RFLP-based assay of Sorghum bicolor (L.) Moench genetic diversity.
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Sixty-two single-copy sorghum DNA clones were used to compare restriction fragment patterns of 53 sorghum accessions from Africa, Asia and the United States. Included were accessions from five morphological races of the cultivated subspecies bicolor, and four races of the wild subspecies verticilliflorum. From two to twelve alleles were detected with each probe. There was greater nuclear diversity in the wild subspecies (255 alleles in ten accessions) than in the domestic accessions (236 alleles in 37 accessions). Overall, 204 of the 340 alleles (60%) that were detected occurred in both subspecies. Phylogenetic analysis using parsimony separated the subspecies into separate clusters, with one group of intermediate accessions. Though exceptions were common, especially for the race bicolor, accessions classified as the same morphological race tended to group together on the basis of RFLP similarities. Selection for traits such as forage quality may have led to accessions genetically more similar to other races being classified as bicolors, which have a loose, small-grained panicle similar to wild races. Population statistics, calculated using four nuclear and four cytoplasmic probes that detect two alleles each, revealed a low but significant amount of heterozygosity, and showed little differentiation in alleles in the wild and cultivated subspecies. Outcrossing with foreign pollen appears to have been more important than migration via seed dispersal as a mechanism for gene flow between the wild and domestic accessions included in this study.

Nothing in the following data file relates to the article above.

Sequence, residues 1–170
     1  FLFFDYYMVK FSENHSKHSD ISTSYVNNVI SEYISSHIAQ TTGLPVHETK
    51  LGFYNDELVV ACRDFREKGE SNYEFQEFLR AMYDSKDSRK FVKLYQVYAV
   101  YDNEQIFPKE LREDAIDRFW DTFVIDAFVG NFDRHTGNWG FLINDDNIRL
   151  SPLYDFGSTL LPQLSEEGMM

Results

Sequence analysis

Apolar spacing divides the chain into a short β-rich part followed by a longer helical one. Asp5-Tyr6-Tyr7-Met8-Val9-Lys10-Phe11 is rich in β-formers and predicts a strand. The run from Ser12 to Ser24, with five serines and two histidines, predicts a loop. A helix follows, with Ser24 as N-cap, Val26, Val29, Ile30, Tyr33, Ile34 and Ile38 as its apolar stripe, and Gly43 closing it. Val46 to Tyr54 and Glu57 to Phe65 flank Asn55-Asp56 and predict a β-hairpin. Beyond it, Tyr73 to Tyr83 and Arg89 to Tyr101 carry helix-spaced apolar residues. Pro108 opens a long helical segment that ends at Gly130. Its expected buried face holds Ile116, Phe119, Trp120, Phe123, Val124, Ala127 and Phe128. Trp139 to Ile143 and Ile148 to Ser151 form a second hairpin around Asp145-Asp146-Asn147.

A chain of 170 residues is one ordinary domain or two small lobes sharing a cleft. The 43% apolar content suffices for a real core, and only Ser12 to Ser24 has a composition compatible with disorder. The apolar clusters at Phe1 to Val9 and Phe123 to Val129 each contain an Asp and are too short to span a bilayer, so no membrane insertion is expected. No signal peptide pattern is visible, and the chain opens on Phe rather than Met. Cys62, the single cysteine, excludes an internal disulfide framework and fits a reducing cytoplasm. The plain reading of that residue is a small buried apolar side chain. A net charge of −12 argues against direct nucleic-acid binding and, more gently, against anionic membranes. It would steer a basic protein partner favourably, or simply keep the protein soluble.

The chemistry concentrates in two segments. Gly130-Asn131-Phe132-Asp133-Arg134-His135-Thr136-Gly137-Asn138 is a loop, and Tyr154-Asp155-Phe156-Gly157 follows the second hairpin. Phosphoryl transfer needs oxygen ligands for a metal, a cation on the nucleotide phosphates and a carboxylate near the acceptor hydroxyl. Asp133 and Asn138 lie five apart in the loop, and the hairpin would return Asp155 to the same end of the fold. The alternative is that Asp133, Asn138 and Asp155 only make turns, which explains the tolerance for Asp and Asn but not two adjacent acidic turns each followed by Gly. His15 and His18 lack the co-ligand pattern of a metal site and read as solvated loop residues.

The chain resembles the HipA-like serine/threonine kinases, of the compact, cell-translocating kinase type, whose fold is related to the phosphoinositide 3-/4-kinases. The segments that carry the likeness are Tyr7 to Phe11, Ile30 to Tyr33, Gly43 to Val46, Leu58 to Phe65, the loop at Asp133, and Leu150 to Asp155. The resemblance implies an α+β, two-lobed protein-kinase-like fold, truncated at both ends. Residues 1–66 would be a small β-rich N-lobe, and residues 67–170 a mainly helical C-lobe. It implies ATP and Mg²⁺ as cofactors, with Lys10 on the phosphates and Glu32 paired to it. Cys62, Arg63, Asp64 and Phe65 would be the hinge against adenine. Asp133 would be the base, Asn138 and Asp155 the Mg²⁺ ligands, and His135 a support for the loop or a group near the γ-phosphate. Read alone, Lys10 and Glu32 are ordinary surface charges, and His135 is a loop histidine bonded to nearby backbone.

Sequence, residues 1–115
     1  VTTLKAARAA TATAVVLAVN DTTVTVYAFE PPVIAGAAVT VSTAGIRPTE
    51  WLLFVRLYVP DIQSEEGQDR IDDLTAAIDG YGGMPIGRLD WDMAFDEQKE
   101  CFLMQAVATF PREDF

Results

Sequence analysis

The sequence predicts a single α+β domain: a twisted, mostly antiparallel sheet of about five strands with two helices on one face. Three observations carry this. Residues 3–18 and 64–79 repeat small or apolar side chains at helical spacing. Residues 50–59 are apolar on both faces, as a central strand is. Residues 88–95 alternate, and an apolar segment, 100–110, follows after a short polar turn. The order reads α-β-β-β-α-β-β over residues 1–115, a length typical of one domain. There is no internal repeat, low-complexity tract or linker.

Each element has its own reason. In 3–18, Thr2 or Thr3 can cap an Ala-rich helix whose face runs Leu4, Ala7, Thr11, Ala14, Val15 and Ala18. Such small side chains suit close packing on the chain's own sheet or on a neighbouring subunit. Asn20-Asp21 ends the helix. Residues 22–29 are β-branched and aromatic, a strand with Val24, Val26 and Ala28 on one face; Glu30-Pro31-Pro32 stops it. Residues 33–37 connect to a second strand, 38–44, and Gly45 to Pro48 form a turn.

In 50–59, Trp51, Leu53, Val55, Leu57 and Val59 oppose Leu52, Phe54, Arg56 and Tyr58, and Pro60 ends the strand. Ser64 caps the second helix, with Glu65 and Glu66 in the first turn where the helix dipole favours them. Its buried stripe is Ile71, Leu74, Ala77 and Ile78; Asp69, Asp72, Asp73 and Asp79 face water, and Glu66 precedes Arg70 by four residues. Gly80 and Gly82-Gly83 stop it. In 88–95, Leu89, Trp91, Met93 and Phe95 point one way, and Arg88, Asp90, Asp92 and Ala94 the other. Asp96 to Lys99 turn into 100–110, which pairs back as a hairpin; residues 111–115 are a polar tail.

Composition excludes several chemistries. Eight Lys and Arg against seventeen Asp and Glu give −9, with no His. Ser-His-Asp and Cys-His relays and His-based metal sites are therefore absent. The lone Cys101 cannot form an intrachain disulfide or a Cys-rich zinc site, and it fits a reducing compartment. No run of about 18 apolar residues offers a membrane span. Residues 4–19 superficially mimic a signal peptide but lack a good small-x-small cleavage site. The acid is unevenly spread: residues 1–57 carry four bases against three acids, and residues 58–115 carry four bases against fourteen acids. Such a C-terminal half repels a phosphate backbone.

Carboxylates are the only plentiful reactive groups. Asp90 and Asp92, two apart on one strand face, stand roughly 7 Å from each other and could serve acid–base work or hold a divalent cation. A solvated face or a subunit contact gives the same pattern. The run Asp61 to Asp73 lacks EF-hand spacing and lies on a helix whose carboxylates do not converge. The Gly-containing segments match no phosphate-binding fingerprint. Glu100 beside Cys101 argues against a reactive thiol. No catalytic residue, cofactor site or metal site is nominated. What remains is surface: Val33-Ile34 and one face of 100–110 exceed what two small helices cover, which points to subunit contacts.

author list (cited authors)
Cui, Y. X., Xu, G. W., Magill, C. W., Schertz, K. F., & Hart, G. E.
complete list of authors
Cui, YX||Xu, GW||Magill, CW||Schertz, KF||Hart, GE